Das war… Irisch!
Living abroad can bring some unique experiences that simply would not be possible by remaining in your home country. This is the story of how Cologne Celt, Laura Kennedy from Waterford, has had the opportunity to appear on one of the most popular and well-known children’s programmes in Germany, „Die Sendung mit der Maus“. Text by Laura Kennedy.
„Die Sendung mit der Maus“ (The Show with the Mouse) is beloved across Germany. The titular mouse and their companions, the elephant and the duck, are as instantly recognisable to generations of Germans as Bosco is to Irish children of the 80s and 90s. Like Bosco, the children’s programme is educational and includes segments where viewers can learn about all manners of topics. There are „Lach- und Sachgeschichten“ or stories to laugh and learn, with both humorous and informative segments harmoniously co-existing.
The show has been on air since 1971, and over 2000 episodes have been broadcast. The familiar theme music has remained unchanged since the show’s beginning. A German voiceover informs the young viewers what they can expect in this week’s episode, and then the introduction is repeated in a foreign tongue. The audience has a chance to guess or identify what this mystery language is before it is revealed. And that’s where I come in…
In late 2009 I had been in Germany for just over a year and in Cologne for a couple of months when I found myself being unexpectedly headhunted by Westdeutscher Rundfunk Köln (WDR), a large broadcasting company based in Cologne.
I was teaching English in a language school, and one of my students, a WDR employee, asked if I could speak Irish, to which I proudly replied that I could before giving her and her bewildered classmates a short demonstration. She told me she worked for „Die Maus“ and asked for my contact details. I didn’t really understand what she meant. Nevertheless, I passed on my email, and, sure enough, shortly afterwards, I received an email inviting me to WDR’s recording studios and explaining that they would like me to record something in Irish. Still a bit mystified, but increasingly intrigued, I agreed.
When I casually told my flatmate what I was going to do, she nearly fell off her chair. I noticed this curious reaction amongst all of my German friends and acquaintances; I might as well have told them that I had been invited out for a pint with Angela Merkel or asked out on a date by Lukas Podolski! My newfound ability to impress people led me to do Google search on what I had signed up to do. It slowly started to dawn on me that this was a big deal to anyone who had grown up in Germany.
I translated the short text and went to the appointment as arranged. I was brought to a small recording studio in the WDR building and read my few lines. After a couple of takes, everyone was happy, and I went on my way. The following Sunday morning, I watched the show for the first time and heard myself speak Irish on German TV. It was undoubtedly a proud moment for me.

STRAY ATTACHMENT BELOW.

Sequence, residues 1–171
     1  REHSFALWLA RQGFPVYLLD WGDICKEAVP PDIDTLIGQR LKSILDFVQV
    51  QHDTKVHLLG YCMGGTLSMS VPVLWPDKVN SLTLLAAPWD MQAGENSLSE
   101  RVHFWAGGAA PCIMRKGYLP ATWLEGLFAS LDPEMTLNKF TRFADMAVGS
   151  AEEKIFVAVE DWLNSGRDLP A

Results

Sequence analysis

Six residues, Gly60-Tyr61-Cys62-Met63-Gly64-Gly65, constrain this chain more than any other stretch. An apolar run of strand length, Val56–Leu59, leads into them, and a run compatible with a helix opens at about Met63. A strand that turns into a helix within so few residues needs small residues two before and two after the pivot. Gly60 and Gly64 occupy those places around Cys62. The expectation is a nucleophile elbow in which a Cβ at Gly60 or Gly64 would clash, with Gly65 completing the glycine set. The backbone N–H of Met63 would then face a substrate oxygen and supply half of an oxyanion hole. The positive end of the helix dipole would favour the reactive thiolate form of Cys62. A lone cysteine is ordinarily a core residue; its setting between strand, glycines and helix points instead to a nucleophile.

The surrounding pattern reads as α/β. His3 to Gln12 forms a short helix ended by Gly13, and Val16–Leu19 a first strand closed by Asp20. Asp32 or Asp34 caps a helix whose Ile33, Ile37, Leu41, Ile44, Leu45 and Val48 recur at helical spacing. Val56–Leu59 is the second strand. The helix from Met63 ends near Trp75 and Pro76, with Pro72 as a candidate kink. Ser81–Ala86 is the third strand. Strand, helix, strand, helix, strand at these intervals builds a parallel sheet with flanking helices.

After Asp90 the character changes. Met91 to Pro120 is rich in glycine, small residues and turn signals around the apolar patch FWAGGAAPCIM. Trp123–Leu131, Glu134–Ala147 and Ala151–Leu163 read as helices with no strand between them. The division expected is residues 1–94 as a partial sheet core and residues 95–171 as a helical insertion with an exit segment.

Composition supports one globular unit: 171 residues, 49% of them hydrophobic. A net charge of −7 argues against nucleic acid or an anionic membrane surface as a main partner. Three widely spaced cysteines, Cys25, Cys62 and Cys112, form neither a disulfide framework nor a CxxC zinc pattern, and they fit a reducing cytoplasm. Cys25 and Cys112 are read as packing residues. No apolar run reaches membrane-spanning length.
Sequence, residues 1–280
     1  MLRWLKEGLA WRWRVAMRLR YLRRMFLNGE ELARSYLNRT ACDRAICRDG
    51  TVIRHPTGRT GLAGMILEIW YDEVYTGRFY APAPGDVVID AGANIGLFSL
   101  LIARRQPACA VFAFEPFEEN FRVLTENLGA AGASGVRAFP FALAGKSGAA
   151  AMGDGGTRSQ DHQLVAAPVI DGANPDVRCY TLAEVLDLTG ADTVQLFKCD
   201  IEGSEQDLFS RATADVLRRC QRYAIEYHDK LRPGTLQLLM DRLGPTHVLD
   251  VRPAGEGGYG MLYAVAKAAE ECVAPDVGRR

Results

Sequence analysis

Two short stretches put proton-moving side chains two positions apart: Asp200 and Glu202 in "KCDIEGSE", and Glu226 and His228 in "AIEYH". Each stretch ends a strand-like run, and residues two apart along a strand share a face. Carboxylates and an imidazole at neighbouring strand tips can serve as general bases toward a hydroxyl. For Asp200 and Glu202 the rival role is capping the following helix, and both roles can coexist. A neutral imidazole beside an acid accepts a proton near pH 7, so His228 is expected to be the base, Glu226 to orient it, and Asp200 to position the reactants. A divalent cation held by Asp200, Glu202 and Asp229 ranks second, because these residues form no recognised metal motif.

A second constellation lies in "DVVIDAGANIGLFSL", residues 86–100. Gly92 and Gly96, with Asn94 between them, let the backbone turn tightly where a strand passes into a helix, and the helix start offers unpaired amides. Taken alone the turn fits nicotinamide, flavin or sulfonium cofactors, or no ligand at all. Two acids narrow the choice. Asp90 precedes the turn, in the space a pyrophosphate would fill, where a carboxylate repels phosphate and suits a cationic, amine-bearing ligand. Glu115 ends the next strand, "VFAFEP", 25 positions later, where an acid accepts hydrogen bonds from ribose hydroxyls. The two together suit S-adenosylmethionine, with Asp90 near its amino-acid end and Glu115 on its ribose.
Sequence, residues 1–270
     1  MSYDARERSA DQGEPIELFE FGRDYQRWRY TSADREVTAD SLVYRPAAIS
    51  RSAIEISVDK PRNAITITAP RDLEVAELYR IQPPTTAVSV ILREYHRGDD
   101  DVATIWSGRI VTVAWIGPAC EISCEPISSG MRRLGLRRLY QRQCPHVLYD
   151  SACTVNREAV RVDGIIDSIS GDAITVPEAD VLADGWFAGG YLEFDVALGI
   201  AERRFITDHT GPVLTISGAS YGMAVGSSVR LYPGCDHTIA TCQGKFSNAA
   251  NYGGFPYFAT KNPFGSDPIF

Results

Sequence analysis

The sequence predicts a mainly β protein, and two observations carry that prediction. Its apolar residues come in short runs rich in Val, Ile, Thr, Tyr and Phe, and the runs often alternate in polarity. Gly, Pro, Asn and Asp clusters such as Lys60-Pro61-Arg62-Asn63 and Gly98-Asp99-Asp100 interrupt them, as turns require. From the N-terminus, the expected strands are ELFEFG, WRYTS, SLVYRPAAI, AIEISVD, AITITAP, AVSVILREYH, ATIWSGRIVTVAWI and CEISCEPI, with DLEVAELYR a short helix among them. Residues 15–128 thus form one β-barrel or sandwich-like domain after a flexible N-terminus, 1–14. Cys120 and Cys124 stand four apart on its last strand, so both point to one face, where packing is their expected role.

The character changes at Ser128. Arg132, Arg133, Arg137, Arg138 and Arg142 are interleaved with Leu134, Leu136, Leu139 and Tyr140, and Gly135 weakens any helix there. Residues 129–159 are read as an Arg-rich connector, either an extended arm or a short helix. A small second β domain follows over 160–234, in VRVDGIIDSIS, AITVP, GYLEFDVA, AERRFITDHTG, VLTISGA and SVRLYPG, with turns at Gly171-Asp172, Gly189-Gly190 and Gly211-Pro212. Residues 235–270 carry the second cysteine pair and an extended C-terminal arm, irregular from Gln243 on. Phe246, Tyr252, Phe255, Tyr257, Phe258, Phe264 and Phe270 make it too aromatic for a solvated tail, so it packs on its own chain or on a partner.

Over the years, I repeated this experience once or twice a year, going to the recording studios in Cologne to record a few lines about tunnel rats, blacksmiths, fearful farmers, and special tomatoes!
The texts seemed random and bizarre but were always easy to translate. Well, they were usually easy to translate…. I struggled with the word „Schluckster“, a fictional monster which swallows people. „Slogaire“ in Irish (swallower) is a policing term used for someone who swallows drugs to smuggle them. That didn’t fit, but I couldn’t think of or find anything better, so it was decided that „Schluckster“ should be a multilingual name for this monster!
|im tarthála||Rettungsbutter||Rescue butter|
|farraige suaimhneach||windstillen Ozean||Calm ocean|
|an rud a dheanann níos mó||Mach-Dich-größer-Ding||The thing that makes you bigger|
|madra sneachta||Schneehund||snow dog|
|lasta luachmhara||kostbaren Fracht||precious cargo|
Over the years, on the occasions that I couldn’t make it to the studio to record the texts, the sound engineer was able to find a suitable understudy for me; a friend of his who had recorded music in Germany, Eurovision legend Mickey Joe Harte.
My most recent experience was quite unique, as this time, the studio came to me. The sound engineer, Harry, came to Hürth in his new portable recording studio, a converted camper van, so I could record my lines on my own doorstep!
I have more appreciation for the magnitude of my task nowadays, as I have subscribed to the fandom of Die Maus culture, along with the natives of my adopted country. Die Sendung mit der Maus’s ever-growing 51-year fanbase has been extended to include some Irish.
Current episode of Die Sendung mit der Maus:
Die Sendung mit der Maus is broadcast on Sundays at 09:30am on Das Erste and 11:30am on Kika.